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The American Nazi Party (ANP) was founded by George Lincoln Rockwell with the goal of reviving Nazism in the United States of Americamarker and was headquartered in Arlingtonmarker, Virginiamarker. Initially called the World Union of Free Enterprise National Socialists (WUFENS), Rockwell reorganized and renamed it the American Nazi Party in 1960 to attract maximum media attention. The party was based largely upon the ideals and policies of Adolf Hitler's NSDAP in Germanymarker during the Third Reich but maintained allegiance to the Constitutional principles of the U.S.'s Founding Fathers. It also added a platform of Holocaust denial.

Headquarters

The WUFENS headquarters was first located in a residence on Williamsburg Road in Arlington, but was later relocated as the ANP headquarters to a house at 928 North Randolph Street (now a hotel and office building site). Rockwell and some party members also established a "Stormtrooper Barracks" in a farmhouse in the Dominion Hills section of Arlington at what is now the Upton Hill Regional Park, the tallest hill in the county. After Rockwell's death, the headquarters was relocated again to one side of a duplex brick and concrete storefront at 2507 North Franklin Road which featured a swastika prominently mounted above the front door. This site was visible from busy Wilson Boulevard this site is often misidentified as Rockwell's headquarters when in fact it was the successor organization's last physical address in Arlington (now a coffeehouse) .

Assassination of George Lincoln Rockwell

On August 25, 1967, Rockwell was killed by John Patler, a former party member whom Rockwell had ejected from the party for allegedly trying to introduce Marxist doctrine into the party's platforms. While leaving the Econowash laundromat at the Dominion Hills Shopping Center in Arlington, Virginia, two bullets entered his car through his windshield, striking Rockwell in the head and chest. His car slowly rolled backwards to a stop and Rockwell staggered out of the front passenger side door of the car, and then collapsed face up on the pavement.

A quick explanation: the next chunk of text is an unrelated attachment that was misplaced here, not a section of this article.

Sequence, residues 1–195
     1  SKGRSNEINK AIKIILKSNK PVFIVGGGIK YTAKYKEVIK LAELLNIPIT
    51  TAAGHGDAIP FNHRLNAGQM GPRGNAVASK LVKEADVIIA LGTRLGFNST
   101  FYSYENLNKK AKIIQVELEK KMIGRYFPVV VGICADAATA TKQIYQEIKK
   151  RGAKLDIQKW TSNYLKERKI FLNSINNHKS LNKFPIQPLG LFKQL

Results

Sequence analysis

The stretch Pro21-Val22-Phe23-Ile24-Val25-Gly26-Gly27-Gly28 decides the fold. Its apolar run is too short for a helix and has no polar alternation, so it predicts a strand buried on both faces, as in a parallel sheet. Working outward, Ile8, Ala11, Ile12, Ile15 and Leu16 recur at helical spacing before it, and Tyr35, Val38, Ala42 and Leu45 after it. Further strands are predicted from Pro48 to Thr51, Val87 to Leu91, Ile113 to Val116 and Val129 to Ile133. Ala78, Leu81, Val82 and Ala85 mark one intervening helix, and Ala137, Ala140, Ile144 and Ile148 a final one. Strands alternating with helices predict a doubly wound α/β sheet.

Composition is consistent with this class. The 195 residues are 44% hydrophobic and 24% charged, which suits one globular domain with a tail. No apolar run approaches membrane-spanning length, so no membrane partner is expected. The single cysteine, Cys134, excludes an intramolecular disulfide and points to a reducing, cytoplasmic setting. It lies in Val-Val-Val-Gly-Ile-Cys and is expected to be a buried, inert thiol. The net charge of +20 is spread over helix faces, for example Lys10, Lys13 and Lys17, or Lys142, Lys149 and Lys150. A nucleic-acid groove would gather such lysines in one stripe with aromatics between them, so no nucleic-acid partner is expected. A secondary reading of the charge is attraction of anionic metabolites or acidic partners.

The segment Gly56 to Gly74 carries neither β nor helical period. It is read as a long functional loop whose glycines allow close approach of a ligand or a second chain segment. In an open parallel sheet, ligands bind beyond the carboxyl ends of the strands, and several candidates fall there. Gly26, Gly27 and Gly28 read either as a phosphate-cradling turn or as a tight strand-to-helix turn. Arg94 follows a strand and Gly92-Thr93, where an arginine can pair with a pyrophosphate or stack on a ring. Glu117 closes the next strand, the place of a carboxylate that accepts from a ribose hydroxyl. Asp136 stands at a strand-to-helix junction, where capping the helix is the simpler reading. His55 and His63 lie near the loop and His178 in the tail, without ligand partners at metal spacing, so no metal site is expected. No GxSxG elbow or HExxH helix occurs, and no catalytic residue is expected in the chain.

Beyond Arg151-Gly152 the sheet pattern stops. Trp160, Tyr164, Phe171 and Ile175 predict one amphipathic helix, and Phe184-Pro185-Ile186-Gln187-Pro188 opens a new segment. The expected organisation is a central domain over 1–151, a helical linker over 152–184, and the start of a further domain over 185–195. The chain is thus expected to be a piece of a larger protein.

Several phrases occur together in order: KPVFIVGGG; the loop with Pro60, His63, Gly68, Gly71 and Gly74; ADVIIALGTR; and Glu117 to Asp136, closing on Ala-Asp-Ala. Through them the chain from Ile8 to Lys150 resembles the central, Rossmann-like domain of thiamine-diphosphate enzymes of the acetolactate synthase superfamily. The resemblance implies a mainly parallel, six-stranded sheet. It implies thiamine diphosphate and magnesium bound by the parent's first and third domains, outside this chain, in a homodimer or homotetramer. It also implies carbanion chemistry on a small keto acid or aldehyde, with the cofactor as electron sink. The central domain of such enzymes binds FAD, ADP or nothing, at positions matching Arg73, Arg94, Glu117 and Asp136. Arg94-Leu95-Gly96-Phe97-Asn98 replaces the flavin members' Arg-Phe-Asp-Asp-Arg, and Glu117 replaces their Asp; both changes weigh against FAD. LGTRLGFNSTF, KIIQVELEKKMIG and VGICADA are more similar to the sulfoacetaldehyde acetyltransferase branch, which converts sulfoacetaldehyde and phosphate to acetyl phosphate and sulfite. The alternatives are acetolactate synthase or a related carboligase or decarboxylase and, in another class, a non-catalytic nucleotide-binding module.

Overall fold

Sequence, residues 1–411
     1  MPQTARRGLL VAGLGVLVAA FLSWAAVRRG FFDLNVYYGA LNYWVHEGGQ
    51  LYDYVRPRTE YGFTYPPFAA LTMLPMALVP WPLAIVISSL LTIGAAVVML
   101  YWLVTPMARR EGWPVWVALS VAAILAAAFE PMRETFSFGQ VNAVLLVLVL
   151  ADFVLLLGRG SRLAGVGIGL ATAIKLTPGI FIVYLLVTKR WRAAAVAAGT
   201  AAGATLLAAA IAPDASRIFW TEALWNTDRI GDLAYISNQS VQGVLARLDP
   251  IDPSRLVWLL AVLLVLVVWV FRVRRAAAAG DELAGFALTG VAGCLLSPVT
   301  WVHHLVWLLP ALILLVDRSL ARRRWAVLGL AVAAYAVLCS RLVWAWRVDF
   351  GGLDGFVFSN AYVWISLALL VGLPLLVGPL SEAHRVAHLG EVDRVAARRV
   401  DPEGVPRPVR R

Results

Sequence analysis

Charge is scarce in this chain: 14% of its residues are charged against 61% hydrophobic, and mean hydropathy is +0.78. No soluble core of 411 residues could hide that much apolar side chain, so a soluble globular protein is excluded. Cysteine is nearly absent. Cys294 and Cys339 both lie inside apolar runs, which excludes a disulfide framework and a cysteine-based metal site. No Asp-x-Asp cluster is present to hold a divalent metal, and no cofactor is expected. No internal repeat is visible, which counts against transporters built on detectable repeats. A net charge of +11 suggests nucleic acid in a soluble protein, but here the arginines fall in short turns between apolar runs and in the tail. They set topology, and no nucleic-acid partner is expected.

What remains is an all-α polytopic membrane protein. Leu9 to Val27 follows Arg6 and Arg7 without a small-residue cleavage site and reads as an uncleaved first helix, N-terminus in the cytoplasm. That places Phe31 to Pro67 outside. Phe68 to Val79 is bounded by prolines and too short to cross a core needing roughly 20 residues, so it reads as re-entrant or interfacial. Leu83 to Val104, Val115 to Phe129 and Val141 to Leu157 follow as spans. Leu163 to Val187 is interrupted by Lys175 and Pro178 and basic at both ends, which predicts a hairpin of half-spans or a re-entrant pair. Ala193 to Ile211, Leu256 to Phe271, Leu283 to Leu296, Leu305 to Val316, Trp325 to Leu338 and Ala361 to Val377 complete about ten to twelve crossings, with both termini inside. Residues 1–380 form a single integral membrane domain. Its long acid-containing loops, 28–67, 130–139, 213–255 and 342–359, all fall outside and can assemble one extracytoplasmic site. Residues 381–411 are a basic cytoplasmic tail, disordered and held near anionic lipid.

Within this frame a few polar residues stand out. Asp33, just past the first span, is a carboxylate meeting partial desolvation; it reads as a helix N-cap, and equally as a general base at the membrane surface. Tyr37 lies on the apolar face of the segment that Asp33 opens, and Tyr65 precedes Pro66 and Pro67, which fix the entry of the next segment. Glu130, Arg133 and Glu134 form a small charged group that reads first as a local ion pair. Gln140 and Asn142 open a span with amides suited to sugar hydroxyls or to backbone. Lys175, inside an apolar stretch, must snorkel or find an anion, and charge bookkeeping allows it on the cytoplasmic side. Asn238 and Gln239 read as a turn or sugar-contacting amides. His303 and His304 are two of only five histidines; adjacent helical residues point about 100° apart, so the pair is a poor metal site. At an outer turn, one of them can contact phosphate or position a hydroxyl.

A previous assassination attempt was made on Rockwell on June 28, 1967. Returning from shopping, he drove into the party headquarters driveway on Wilson Boulevard and found it blocked by a felled tree and brush. Rockwell assumed that it was another prank by local teens. As a young boy cleared the obstruction, two shots were fired at Rockwell from behind one of the swastika-embossed brick driveway pillars. One of the shots ricocheted off the car, right next to his head. Leaping from the car, Rockwell pursued the would-be assassin. On June 30, Rockwell petitioned the Arlington County Circuit Court for a gun permit; no action was ever taken on his request.

Activities

The American Nazi Party published racist cartoon books portraying white men fighting and defending white school children allegedly oppressed by Blacks (who were being ignorant and violent). "Send Them Back to Africa" was a common theme. ANP members stood in the parking lots of local Junior High & High School parking lots handing out these cartoons to young students, Thomas Jefferson Junior High School (now Thomas Jefferson Middle School) in particular.

Factions

In 1970, NSWPP member Frank Collin, broke away from the group and founded the National Socialist Party of America, which became famous due to an attempt to march through Skokie, Illinoismarker, a community with a large Jewish population that included numerous survivors of the Holocaust. The event was dramatized in the television film Skokie and is mocked in the film The Blues Brothers. Collin's aim was to lead demonstrations in Chicago's Marquette Park area, and he targeted Skokie in an attempt to gain access to Marquette Park without posting a large insurance bond. In 1979, Collin was convicted and sent to prison on charges of child molestation .

Greensboro Massacre

On November 3, 1979, in what became known as the Greensboro massacre, five protestors at an anti-Klan march in Greensboro, North Carolinamarker, were shot and killed by members of the Ku Klux Klan and the American Nazi Party. The victims were members of the Communist Workers Party, which had been seeking to organize mainly black industrial workers in the area and confronting local white supremacists. At the time of the shooting the ATF had an undercover agent within the Party, and one of the Klansmen present at the shooting was a police informant. None of the killers were ever convicted. In a 1985 civil lawsuit the survivors won a $350,000 judgement against the city, the Ku Klux Klan and the Nazi Party for violating the civil rights of the demonstrators.

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